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What Will Be Beauty’s Next Big Deal?

Kering’s reported multi-billion dollar acquisition of Creed is just the latest blockbuster beauty deal – and the industry shows no signs of slowing down.
Creed fragrance bottle.
Creed fragrance bottle. (Shutterstock)

Last fall kicked off a series of blockbuster beauty deals: The Estée Lauder Companies and Tom Ford in November ($2.8 billion), L’Oréal and Aesop in April ($2.5 billion) and this week, Kering and Creed, another mammoth sale reportedly valued at close to $3 billion, making it perhaps the largest ever for a single beauty brand.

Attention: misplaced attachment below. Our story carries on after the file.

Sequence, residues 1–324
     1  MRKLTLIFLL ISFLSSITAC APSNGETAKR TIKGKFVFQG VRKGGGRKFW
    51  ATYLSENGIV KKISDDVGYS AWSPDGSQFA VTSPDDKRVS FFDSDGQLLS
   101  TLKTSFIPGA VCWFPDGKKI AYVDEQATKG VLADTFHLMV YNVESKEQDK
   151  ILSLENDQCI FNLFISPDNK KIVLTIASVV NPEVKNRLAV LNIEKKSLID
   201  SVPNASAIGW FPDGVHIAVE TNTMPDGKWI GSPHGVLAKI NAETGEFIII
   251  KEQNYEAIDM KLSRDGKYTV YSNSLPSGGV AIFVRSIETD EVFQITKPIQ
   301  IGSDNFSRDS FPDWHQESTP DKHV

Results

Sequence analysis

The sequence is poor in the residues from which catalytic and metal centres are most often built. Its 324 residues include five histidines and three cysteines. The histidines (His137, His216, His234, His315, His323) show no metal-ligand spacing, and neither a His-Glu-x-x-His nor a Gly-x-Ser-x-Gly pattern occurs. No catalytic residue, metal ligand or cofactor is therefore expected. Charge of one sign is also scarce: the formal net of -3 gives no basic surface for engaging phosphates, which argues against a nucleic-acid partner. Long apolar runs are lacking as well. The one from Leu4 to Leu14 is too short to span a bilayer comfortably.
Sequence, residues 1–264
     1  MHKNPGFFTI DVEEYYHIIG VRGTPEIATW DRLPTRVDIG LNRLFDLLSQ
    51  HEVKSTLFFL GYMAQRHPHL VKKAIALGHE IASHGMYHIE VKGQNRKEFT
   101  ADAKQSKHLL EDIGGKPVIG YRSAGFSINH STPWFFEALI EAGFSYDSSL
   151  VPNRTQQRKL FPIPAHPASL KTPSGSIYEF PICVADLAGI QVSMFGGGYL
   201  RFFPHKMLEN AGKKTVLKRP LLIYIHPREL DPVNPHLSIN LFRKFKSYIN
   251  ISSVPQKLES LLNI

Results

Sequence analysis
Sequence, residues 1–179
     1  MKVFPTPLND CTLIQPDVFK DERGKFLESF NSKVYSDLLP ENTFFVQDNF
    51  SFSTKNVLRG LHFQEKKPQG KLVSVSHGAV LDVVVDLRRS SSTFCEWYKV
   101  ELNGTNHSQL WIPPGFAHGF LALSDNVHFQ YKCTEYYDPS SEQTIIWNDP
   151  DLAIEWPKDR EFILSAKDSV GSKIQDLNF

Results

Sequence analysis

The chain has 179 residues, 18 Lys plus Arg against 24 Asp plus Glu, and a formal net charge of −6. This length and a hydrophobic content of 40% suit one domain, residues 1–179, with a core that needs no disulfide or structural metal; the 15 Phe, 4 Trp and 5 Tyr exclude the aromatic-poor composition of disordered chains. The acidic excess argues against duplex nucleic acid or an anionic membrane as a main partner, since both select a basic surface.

The addition of a shiny new brand is the logical next step for the conglomerate, which announced the launch of a beauty division, Kering Beauté, led by Estée Lauder-pedigreed executive Raffaella Cornaggia, in February. In buying Creed, Kering Beauté gained industry credibility practically overnight, becoming the owner of a thriving legacy brand in one of beauty’s most dynamic and resilient categories, fragrance (already, US prestige fragrance sales are up 13 percent year-over-year through May, according to market research firm Circana). Creed instantly pads the conglomerate’s nascent beauty arm as it gets the beauty businesses of its owned brands (like Bottega Veneta and Balenciaga) up and running and scouts its next acquisition target.

This sale has intensified the focus on beauty’s bustling M&A space, prompting the question: What will be beauty’s next big deal?